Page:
I knew walking into "My Skinny Sister" that the film – which explores a teen-aged ice skater’s eating disorder – had the dangerous possibility of falling into the cheesy After-School Special / Lifetime Movie category. Luckily, it didn’t.
Instead, this first feature film by Swedish writer and director Sanna Lenken took a unique perspective and told the story of the struggling skater through the eyes of her sister, 12-year-old Stella.
Stella (Rebecka Josephson) is fixated on her sister, Katja (Amy Deasismont). Like most sisters, the two have a complicated relationship that varies greatly in temperature. At times, they interact in a warm and silly fashion, but other times, Katja is cold, controlling and verbally abusive.
One of the most redeeming aspects of the film – which also saves it from being a cliché – is that it unfolds through Stella’s eyes and therefore is less about having an eating disorder and more about what it’s like to be close to someone who does. For awhile, Stella is the only person aware that her sister is starving herself and she moves between compassion and anger. She also tortuously moves between keeping her sister's secret and asking for help from others.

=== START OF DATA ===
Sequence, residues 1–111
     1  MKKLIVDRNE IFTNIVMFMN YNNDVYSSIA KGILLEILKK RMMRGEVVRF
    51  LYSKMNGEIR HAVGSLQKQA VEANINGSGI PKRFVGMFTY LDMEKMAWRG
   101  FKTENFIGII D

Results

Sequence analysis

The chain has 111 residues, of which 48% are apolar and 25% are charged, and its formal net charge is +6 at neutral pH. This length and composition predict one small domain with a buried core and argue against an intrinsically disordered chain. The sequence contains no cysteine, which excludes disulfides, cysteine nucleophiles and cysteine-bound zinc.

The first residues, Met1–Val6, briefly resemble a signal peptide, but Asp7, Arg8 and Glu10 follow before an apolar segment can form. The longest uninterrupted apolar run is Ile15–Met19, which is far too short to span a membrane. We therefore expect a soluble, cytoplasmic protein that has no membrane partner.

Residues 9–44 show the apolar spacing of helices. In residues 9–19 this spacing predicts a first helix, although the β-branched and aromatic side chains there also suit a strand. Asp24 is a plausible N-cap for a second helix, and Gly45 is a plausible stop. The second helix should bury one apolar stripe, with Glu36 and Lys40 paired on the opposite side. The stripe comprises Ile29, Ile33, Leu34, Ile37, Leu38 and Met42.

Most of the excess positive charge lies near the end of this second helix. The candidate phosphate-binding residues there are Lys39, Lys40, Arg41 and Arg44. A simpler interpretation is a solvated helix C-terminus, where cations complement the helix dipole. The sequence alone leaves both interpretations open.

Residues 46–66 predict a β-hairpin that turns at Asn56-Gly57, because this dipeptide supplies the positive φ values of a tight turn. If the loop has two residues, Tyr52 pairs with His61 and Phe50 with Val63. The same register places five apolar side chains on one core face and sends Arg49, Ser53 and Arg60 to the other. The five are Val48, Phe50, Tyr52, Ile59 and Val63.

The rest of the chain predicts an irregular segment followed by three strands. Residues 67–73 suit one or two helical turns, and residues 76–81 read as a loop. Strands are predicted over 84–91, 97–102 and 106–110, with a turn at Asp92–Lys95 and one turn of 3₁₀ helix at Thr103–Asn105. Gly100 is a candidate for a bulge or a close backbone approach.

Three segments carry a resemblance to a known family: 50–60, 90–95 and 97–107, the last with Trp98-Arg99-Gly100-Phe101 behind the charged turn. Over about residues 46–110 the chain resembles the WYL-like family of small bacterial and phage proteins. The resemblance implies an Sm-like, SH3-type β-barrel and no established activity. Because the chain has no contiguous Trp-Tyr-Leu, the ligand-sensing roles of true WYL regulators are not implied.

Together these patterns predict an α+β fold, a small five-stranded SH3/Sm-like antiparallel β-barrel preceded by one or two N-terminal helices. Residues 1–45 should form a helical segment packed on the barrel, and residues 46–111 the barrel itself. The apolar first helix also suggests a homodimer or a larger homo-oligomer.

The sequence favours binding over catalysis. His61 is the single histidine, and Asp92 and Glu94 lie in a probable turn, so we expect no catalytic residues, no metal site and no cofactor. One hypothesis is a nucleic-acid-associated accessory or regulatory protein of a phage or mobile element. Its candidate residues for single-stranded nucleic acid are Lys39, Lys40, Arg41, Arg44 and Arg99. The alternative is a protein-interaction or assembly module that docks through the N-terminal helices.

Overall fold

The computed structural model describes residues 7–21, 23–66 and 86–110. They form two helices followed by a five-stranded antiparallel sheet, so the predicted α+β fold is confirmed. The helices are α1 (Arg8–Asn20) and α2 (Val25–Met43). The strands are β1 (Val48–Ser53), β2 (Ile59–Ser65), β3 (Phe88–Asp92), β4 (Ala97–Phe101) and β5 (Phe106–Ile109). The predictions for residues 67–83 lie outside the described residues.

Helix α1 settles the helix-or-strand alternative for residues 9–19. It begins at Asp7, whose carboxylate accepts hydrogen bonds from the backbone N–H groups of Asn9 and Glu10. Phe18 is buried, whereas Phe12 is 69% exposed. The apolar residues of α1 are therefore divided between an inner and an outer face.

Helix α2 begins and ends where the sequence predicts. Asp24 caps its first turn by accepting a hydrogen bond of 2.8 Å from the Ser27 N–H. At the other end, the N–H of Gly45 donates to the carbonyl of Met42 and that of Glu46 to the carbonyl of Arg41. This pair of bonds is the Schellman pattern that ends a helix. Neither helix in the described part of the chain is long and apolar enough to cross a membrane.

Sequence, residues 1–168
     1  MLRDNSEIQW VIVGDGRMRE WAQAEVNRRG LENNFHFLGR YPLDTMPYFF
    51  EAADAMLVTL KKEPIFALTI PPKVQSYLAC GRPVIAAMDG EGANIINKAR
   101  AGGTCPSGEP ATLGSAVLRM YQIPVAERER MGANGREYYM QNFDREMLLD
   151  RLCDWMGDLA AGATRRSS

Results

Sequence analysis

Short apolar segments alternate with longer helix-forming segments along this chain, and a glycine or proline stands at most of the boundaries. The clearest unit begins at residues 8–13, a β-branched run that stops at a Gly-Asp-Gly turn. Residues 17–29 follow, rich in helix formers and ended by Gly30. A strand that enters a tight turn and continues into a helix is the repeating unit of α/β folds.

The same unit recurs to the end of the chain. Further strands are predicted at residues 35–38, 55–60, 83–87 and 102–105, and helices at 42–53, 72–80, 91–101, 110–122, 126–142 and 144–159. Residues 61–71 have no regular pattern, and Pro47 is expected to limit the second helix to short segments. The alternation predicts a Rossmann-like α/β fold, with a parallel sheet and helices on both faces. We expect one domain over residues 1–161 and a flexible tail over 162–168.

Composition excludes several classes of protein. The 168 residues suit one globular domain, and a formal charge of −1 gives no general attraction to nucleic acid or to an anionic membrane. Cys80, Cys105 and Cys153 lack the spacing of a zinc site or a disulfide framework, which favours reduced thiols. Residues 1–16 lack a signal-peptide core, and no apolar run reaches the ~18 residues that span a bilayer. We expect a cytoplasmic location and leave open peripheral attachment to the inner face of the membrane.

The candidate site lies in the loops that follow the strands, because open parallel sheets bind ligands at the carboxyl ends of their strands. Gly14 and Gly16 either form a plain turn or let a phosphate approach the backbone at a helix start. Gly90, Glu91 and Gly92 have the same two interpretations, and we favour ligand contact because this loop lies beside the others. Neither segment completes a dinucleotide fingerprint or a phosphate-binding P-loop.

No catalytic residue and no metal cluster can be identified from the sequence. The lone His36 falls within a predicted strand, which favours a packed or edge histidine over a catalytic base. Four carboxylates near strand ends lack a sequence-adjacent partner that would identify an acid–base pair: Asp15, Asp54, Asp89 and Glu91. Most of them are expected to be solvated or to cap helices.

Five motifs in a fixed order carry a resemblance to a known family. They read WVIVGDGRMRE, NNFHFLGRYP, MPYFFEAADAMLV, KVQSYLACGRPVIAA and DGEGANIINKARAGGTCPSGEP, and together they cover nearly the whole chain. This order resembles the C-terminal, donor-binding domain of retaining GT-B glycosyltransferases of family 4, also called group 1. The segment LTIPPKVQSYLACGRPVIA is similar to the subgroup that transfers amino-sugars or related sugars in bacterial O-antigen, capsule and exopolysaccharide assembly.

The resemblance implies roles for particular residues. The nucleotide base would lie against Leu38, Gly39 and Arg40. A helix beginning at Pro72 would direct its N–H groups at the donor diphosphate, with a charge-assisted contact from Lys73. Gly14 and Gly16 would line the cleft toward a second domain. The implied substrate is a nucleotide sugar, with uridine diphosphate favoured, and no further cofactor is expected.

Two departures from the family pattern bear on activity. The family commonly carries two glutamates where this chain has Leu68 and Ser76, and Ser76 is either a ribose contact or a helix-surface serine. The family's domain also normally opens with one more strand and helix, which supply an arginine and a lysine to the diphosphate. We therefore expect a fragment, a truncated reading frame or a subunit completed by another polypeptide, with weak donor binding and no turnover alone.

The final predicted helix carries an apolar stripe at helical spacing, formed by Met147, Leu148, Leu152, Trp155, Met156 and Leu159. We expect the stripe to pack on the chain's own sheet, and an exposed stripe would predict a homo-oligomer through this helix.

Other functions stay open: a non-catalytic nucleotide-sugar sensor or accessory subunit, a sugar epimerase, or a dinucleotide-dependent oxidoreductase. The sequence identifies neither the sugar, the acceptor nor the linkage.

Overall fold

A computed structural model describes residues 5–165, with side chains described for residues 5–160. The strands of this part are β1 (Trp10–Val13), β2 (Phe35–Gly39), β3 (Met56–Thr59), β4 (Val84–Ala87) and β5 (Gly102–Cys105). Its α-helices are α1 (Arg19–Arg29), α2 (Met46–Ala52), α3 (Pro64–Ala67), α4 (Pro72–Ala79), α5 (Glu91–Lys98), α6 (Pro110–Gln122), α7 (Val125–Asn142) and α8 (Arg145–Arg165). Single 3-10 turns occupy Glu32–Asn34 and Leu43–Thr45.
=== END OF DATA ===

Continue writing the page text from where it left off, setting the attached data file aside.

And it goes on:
Although the film contains graphic scenes such as a close-up of Katja sticking her fingers down her throat to induce vomiting, for the most part, it focuses on the abstract aspects of eating disorders and mental illness.
It reminds us of the power that people whom we care about have over us, especially when we are young. Although flawed, Katja is glamorous to Stella. For most of the film, Stella wants to be a figure skater like her sister, despite the fact she’s less talented on the ice. Both her desire to emulate Katja – as well as her crush on Katja’s 35-year-old skating coach – inspire her to keep skating despite her lack of success. She also squelches her fascination of bugs and nature, and is sometimes distant from her friends, because she is obsessed with Katja.…Read more...